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The Man Who Fell to Earth

3.98  ·  Rating Details ·  3,252 Ratings  ·  339 Reviews
Thomas Jerome Newton is an extraterrestrial from the planet Anthea, which has been devastated by a series of nuclear wars, and whose inhabitants are twice as intelligent as human beings. When he lands on Earth - in Kentucky, disguised as a human - it's with the intention of saving his own people from extinction.
Paperback, 186 pages
Published January 1st 2010 by Penguin Books (first published February 1963)
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Jacob While there doesn't seem to be any obvious mention of it anywhere I have looked, it was reprinted in 1981 and it seems reasonable to assume that Tevis…moreWhile there doesn't seem to be any obvious mention of it anywhere I have looked, it was reprinted in 1981 and it seems reasonable to assume that Tevis made the changes in the not inconsiderable space between. (less)

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no ray guns are fired or space battles waged in this poignant novel. there is a spaceship yes, but it is incapacitated after it deposits its passenger on earth. the passenger is an alien from a dying planet named anthea and he's looking for an escape - a place for the remnants of his people. his name on earth will be t.j. newton (sometimes called tommy) and this novel is his story, of how our world affects him, physically and emotionally, as he tries to achieve his mission.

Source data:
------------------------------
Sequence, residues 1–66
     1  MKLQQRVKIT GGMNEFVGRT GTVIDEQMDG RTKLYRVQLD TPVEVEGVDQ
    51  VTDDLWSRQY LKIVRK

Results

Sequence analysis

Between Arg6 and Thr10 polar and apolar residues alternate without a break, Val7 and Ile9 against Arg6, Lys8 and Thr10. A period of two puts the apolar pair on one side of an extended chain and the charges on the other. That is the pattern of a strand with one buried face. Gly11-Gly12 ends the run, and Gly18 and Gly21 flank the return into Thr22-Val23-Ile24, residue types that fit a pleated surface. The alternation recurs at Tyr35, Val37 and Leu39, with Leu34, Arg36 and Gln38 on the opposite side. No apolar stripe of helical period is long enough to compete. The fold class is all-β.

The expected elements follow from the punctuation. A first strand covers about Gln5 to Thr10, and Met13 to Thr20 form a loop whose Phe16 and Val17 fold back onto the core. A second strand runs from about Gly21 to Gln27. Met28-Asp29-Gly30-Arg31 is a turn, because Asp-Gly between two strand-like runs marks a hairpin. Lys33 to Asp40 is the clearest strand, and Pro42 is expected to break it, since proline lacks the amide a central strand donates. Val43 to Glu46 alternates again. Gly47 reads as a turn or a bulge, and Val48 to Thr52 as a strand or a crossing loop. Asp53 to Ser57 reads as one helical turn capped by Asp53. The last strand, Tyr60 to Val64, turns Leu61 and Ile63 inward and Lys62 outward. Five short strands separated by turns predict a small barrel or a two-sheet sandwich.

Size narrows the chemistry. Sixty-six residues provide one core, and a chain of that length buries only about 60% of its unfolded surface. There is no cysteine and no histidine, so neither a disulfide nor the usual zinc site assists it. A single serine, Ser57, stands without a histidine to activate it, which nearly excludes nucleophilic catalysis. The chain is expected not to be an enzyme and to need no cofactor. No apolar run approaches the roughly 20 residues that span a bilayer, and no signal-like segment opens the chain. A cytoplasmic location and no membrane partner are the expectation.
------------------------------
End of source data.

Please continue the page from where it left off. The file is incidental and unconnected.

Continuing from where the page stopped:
there's not much more
Feb 05, 2008 Sarah rated it it was amazing  ·  review of another edition
Brilliant. This a deceptively simple story, told in simple, uncomplicated prose, but with unexpected depth and relevance. It might come off as slightly trite now, as with most mid-20th century fiction set in "the near future" (the late 1980s, of all things!), but I'm sure in 1963 it was truly a sign of the times. What I'm sure hasn't lost its charge over the years is the tint of sadness, of individualized despair, that permeates the book and ultimately embitters the characters. No one escapes th ...more
Jodi Lu
Feb 22, 2011 Jodi Lu rated it really liked it  ·  review of another edition
I had nearly forgotten why people start reading in the first place: the joy of an honest story. I'm so used to the writer as the essential protagonist, the writing as his conflict, and whether or not I want to throw away his book as his comedic or tragic end. But this just unfolds cleanly, without seeming consciously written at all. Never an "ohhh that was beautiful" and very rarely a distracting wince. I got deeply engaged without any self-discipline at all.
It's lightening-quick and so satisfy
3.5 to 4.0 stars. I really struggled between giving this 3 or 4 stars and settled closer to 4 for one primary reason: the ending of the story was deeply emotional and I believe will stay with me for some time. Apart from the excellent ending, the rest of the story was well-written, moved along at a good pace and kept me interested.
Nov 21, 2015 0rkun rated it it was amazing  ·  review of another edition
Dünyaya düşen bir adamın insanlaşmasını konu edinen "Dünyaya Düşen Adam"ı okurken elimden bırakamadım. En ağırından bir uzaylı hikayesi okuyacağımı zannederken kitap bittiğinde buram buram yozlaşma kokan, aslında bir insanın hikayesini okuduğumu farkettim.